Is there anything better than a fresh homemade salsa recipe to showcase summer tomatoes? We think not…
Fresh Homemade Salsa Recipe
Makes: 8-9 Pints
Total Time: 1.5 hours
10 cups peeled, chopped and drained tomatoes
3 cups onion, chopped
1 ¾ cups green bell pepper, chopped
5 jalapeños, membranes and seeds removed (leave seeds for extra spice), chopped
7 garlic cloves, finely minced
2 ½ teaspoons cumin
2 ½ teaspoons ground black pepper
2 ½ tablespoons canning or pickling salt
1/3 cup fresh cilantro, chopped
1/3 cup sugar
1 ¼ cups apple cider vinegar
16 ounces tomato sauce
12 ounces tomato paste
To peel the tomatoes, preheat the oven broiler to high. Then cut tomatoes in half and place cut side down on a large greased baking sheet. Place under the oven broiler for 3-4 minutes, watching closely, until the skins begin to puff. Remove from the oven, and let them cool for several minutes.
When the skins will start to wrinkle, slip the skins off. Continue until all tomatoes have been peeled. Blanching the tomatoes to remove the skins is also an option, however broiling results in better flavor.
After the tomatoes have been peeled, place a colander in the sink and add the tomatoes. Gently break the tomatoes into pieces with your hands and pull out the white cores as you find them. Let the tomatoes drain for 30 minutes or so. After 30 minutes, combine all salsa ingredients in a stainless steel (SS is important because from an acidity standpoint) pot.
Stir together and bring to a boil over medium-high heat, then reduce heat and simmer for 10 minutes.
Prep your jars by sterilizing the cans in a water bath. Place steamer rack in the bottom of a large stock pot or canning pot. Place new or clean mason jars on the rack. Fill the jars with water and fill the pot with just enough water to come to the top of the jars. Heat water to a simmer and simmer for 10 minutes. Sterilize the lids by placing in a bowl and covering with boiling water.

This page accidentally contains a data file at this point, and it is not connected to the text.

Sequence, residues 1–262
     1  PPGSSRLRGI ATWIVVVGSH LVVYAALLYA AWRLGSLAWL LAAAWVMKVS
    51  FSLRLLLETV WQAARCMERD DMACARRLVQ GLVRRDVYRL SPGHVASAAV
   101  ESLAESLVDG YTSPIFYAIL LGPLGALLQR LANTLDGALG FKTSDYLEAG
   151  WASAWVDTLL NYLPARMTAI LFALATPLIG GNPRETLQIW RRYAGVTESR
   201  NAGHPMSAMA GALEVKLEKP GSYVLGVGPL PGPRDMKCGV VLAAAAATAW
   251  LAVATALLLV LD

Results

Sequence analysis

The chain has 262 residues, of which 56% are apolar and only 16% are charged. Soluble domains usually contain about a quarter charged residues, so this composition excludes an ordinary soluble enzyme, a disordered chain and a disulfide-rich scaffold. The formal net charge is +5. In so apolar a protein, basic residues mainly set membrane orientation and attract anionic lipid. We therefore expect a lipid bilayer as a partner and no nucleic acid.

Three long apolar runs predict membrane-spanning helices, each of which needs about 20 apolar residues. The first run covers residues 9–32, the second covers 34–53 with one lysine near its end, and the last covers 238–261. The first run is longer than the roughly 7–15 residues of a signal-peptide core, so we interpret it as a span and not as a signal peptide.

Ladle salsa into sterilized jars, leaving about ½ inch at the top. Wipe the rim of the jar clean with a damp paper towel. Place lids on the jars and screw on the lid rings. Do not over-tighten to ensure that you get a good seal. Place the filled and lidded jars back onto the rack in the large stockpot of hot water you used to sterilize the jars. Cover the jars with at least 1-inch of water.
Bring to a rolling boil and process for 15 minutes (times depend on your altitude! For altitudes 1000-6000ft process for 20 minutes and above 6000ft process for 25 minutes). Then turn off heat and let the jars sit in the water for 5 minutes. Remove the jars from the water bath and let sit on the counter for several hours until completely cool.
The lids should “pop: as the salsa creates a vacuum under the lid. If a lid doesn’t seal, either replace the lid and reprocess in a water bath for another 15 minutes, or stir in the refrigerator and use within several days.
Label the salsa and store! Canned salsa should be eaten within about a year.